Fifth, when we combine this background information with the fact that nosocomial infections are more hazardous to public health, these bugs tend to be more multidrug-resistant strains than their counterparts found in the communities. Hence unnecessary visits to clinics and hospitals admissions should be discouraged. A WHO report says a literature review of national or multicentre studies published from 1995-2008. The overall prevalence of hospital-acquired infections in developed countries varies between 5.1 percent and 11.6 percent, and approximately the same proportion of hospitalised patients acquire at least one condition. It says, developing countries have markedly higher hospital-wide infection rates.
Clients visiting clinical facilities with a purpose other than consulting the obstetricians or getting immunisation vaccines are themselves patients and thus find it difficult to distinguish between their pre-existing and hospital-acquired diseases. Due to ignorance on the part of patients and that of healthcare workers, many nosocomial infections are simply not considered nosocomial. There are provisions for separate dedicated hospitals or wards to manage infectious diseases, but it will never be enough to separate the average population from infected ones.
However, strict adherence to infection control policies on all stakeholders, including the public, policymakers, patients, carriers, HCWs, hospital and clinic management, waste management and disposal authorities and workers, can help contain infectious diseases. A culture of open disclosure of the status of all infected people and a reciprocal respectful, kind, philanthropic, humane response to their needs by the whole community is necessary to avoid preventable transmission of the infections.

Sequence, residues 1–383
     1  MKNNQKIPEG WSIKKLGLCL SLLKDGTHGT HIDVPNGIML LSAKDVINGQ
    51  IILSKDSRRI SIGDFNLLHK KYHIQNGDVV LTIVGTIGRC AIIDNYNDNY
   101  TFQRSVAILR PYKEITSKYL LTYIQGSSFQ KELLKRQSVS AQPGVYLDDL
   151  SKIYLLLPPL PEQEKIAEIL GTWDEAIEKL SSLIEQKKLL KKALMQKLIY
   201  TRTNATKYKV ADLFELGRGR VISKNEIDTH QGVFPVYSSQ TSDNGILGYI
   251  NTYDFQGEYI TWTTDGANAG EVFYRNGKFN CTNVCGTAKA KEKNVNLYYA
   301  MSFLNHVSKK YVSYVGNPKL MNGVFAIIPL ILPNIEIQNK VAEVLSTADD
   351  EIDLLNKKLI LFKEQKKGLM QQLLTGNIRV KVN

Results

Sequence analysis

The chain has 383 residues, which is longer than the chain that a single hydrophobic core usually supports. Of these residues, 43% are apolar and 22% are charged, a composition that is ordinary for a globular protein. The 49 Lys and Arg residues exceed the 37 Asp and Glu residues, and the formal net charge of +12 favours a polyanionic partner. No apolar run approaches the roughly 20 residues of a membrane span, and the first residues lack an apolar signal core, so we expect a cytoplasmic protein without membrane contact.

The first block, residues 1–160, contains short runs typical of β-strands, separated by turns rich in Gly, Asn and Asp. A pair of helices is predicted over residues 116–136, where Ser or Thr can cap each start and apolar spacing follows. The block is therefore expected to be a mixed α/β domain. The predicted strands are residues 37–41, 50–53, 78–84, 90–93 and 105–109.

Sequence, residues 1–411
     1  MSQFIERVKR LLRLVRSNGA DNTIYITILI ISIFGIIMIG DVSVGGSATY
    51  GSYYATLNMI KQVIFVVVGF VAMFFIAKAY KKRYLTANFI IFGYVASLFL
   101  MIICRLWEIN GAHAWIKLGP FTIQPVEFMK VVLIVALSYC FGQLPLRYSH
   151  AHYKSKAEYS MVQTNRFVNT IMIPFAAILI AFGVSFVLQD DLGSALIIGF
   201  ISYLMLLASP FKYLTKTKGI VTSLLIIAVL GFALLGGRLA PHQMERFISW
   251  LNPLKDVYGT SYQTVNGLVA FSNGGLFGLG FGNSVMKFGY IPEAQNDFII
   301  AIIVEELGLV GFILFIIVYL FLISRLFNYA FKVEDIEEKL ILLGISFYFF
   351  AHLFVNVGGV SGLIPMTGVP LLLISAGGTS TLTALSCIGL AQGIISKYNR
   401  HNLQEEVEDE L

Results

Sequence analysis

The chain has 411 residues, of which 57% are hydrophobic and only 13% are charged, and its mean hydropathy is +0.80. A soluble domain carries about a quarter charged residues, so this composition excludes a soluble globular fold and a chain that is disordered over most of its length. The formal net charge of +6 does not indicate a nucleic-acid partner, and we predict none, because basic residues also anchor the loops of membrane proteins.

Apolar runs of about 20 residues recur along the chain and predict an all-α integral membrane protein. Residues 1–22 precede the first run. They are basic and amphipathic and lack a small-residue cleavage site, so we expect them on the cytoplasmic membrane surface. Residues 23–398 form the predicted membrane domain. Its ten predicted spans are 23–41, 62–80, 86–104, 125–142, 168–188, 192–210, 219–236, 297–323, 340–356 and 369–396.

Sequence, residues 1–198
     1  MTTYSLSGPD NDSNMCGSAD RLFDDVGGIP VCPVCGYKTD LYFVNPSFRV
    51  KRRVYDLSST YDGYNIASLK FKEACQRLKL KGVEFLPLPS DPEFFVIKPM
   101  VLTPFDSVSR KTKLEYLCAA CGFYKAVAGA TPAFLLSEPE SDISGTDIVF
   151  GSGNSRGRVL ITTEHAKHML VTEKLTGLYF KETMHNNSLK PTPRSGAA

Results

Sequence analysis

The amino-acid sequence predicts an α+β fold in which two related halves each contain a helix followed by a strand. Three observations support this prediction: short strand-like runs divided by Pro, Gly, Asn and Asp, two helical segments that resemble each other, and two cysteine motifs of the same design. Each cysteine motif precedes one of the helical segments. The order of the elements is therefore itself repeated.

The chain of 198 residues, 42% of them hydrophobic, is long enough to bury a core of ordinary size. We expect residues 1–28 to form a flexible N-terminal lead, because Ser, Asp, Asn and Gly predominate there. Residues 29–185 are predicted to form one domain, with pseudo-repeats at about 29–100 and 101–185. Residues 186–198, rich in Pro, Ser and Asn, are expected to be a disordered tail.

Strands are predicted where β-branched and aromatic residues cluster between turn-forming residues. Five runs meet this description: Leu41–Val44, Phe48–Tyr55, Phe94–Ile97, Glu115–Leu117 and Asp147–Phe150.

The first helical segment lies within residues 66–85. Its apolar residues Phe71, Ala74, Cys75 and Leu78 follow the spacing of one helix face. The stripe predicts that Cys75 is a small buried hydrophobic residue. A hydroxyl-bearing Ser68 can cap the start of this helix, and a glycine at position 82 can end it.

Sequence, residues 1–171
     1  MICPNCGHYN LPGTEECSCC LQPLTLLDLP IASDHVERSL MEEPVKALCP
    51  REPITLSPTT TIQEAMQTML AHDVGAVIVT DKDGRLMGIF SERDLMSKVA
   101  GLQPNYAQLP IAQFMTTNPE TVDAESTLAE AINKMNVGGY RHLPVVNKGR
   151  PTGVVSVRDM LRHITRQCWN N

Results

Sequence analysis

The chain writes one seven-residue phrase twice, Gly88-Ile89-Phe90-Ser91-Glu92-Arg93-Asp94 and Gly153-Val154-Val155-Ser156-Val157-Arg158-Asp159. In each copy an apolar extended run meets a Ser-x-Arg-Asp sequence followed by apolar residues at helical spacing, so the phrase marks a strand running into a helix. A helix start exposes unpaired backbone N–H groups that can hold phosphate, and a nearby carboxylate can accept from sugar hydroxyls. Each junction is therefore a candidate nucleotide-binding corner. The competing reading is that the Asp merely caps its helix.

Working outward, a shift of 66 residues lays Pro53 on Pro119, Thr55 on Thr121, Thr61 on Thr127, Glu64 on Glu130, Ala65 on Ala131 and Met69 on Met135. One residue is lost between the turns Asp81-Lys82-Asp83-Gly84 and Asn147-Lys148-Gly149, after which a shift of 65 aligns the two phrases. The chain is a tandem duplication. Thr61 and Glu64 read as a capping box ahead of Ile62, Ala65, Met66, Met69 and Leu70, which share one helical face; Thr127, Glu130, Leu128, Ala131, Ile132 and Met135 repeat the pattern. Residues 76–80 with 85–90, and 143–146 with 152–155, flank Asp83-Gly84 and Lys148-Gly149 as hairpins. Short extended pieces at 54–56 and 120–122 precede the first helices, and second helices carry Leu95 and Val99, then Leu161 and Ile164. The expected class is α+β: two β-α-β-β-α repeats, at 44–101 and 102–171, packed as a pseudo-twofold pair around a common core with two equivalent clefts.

At a personal level, Saloojee and Stenhoff suggest, HCWs can help minimise the cross infections and protect patients by thoroughly adhering to hand proper washing practice, properly cleaning and using gloves, masks, gowns, stethoscopes, white coats and intravenous catheters. However, such practices need adequate institutional support and a good infrastructure. In developing countries like Nepal, hospitals often face shortages of clean water, soap and paper towels, which curtail fundamental infection control activities. Policies without technical and financial backings make little difference, although they can contribute significantly.
Given limited resources, socialistic national infrastructure and physical facility policies need to be developed and enforced. Take ACs, for example. These machines are of no real value in cities like Kathmandu and Pokhara. We should consider banning these and similar stuff in most healthcare facilities, public or private. Rather than investing in creating a clean private room, both the public and private money should be invested to benefit all people, such as waste management, environmental protection and infection control. To nourish a plant, one should water the roots, not its leaves.